Two things happen every September in Singapore: The red-and-white national flag is taken down, and a checkered one is lifted. It’s time to burn rubber and fuel with the pinnacle of motor engineering at the Singapore Formula 1 Grand Prix, which is also celebrating its tenth anniversary this year. The overall FIA Formula 1 World Championship, needless to say, has a much longer history, dating back to its inauguration 67 years ago.
(Featured Image: YTIMG )
Originated from Europe’s lively auto racing scene in the 1930s, Formula 1 officially began when racing regulations (the “formula”) for a world championship were standardised in 1950. In those days, there were non-championship races, which ceased in 1983 when they were no longer profitable, as well as more on-track fatalities, leading to tightened safety measures that consequently affected the build of the cars themselves. The first season of Formula 1 in 1950 saw seven races and 81 drivers. Today, the ratio has switched with 20 races among 22 drivers for the 2017 season. As for the vehicles, they’ve undergone a number of massive transformations as well. Here’s a timeline to mark some of history’s most iconic F1 race cars, as well as their changing features.
The defining features of the first F1 cars that emerged in 1950 were the narrow-tread tyres, and the front engines, which were either of the 1.5-litre supercharged or the 4.5-litre normally aspirated varieties. The Alfa Romeo 158 (pictured), nicknamed the Alfetta, was the pioneer champion, a classic crimson masterpiece of an automobile that got its name from its 1.5-litre supercharged eight-cylinder engine. Despite having been built in the late 1930s, it dominated the races in the first season. With a bulbous tail and a clean bullet-shaped body, the retro speedster was also a thing of beauty.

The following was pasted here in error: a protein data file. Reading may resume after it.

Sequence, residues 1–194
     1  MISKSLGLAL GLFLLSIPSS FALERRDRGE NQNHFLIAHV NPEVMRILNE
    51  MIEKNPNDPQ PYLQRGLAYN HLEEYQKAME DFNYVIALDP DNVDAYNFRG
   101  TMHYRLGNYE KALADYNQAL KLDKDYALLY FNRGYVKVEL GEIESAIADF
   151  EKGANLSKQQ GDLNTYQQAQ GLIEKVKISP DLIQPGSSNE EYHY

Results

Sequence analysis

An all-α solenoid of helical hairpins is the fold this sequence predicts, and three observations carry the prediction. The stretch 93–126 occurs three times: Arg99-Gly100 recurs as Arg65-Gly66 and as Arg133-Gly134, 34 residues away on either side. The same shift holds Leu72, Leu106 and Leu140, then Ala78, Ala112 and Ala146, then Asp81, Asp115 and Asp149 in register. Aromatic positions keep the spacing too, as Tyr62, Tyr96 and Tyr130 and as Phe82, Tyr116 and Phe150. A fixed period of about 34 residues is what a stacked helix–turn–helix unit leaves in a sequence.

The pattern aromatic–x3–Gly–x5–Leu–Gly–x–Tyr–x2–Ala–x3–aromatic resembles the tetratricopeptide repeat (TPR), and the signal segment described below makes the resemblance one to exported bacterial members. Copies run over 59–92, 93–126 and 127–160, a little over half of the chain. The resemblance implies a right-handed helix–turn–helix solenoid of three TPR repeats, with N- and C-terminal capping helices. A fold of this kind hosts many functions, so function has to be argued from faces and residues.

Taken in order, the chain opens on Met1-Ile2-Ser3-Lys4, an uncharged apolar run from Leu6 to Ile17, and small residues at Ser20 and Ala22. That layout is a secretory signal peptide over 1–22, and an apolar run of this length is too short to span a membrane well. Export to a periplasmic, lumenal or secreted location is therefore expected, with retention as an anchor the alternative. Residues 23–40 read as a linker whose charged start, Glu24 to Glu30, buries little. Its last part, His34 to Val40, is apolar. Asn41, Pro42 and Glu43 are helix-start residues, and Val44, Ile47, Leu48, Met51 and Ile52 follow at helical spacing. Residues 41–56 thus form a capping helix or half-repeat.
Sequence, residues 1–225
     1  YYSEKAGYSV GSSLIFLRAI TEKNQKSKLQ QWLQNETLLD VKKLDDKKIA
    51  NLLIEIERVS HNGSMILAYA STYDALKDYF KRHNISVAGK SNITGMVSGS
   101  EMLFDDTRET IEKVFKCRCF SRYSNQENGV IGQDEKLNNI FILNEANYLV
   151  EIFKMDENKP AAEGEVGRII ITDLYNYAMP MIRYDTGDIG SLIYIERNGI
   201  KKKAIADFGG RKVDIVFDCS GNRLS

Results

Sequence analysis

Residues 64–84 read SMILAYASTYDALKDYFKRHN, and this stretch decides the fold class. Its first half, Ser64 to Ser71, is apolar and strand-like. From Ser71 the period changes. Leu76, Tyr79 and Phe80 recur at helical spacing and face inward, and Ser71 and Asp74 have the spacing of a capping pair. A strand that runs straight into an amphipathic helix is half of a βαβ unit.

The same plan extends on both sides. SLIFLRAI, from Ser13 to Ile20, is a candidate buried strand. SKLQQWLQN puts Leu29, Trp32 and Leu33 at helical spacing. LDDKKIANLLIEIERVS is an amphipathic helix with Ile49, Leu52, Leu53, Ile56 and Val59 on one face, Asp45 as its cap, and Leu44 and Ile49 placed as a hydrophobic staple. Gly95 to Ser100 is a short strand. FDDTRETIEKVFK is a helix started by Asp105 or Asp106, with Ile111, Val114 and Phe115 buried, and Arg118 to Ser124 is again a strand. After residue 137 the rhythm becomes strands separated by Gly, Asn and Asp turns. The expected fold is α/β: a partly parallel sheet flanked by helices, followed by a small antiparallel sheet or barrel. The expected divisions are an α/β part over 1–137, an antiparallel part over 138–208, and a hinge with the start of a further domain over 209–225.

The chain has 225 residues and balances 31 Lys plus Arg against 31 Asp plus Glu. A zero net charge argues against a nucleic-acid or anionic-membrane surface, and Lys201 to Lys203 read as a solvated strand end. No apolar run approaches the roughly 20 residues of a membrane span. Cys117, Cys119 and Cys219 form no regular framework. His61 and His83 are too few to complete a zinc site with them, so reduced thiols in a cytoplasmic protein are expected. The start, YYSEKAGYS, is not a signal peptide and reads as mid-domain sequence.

In 1954, F1 implemented a new rule that limited the engine size to 2.5 litres for the purposes of reducing the weight of the car and increasing speed. That was the year the Mercedes-Benz W196, or the Silver Arrow, debuted on the tracks. A sleek, silver car with a smooth, undulating silhouette oozing with 007 Bond vibes, it sported closed wheels and a flatter, more aerodynamically-driven design. Towards the end of the decade, the engines had started moving to the back of the cars, and even the fuel they used were switched from alcohol-based to gasoline.
As head-turning as the Silver Arrow’s car body design might’ve been, the vehicles of the 1960s went back to a more classic shape, adopting a longer, more capsule-like look. At the time, tubular steel-frame chassis (the base frame of a vehicle) were common. That is, until 1962 saw the Lotus 25 debuting the first monocoque chassis (where the chassis and body of the car are merged). It was also made of aluminium, which helped reduce the weight of the vehicle.
Another notable year that significantly changed the F1 game was 1968, and the racer under the spotlight is the Lotus 49B (pictured). In terms of design, it was the first car to fix aerodynamic wings (front wings attached to the nose, and rear wings mounted on the car’s suspension), allowing for better airflow and balance. It was also the first car to carry an advertisement on its body, even going so far as to swap its traditional green and yellow colours for the red, gold and white of its new sponsor, Gold Leaf. While the commercial sponsorships continued, the high rear wings, which everyone adopted in 1969 and often broke mid-race, caused a number of fatalities.
Because of the unsavoury death toll, stricter rules on the front and back wings were implemented when 1970 rolled around. Cars also started using racing slicks (tyres with smooth tread) in 1971. The Lotus 72 (pictured) came up with possibly the most gorgeous commercial-laden design, using a simple yet striking black-and-gold colour scheme. It kept its signature wings, but lowered the rear ones and made them sturdier. This was also the first of its kind to fix a cooling system on the sides of the vehicle, which brought about the introduction of sidepods. In 1974, more features such as an engine cover and an airbox were added to the race cars.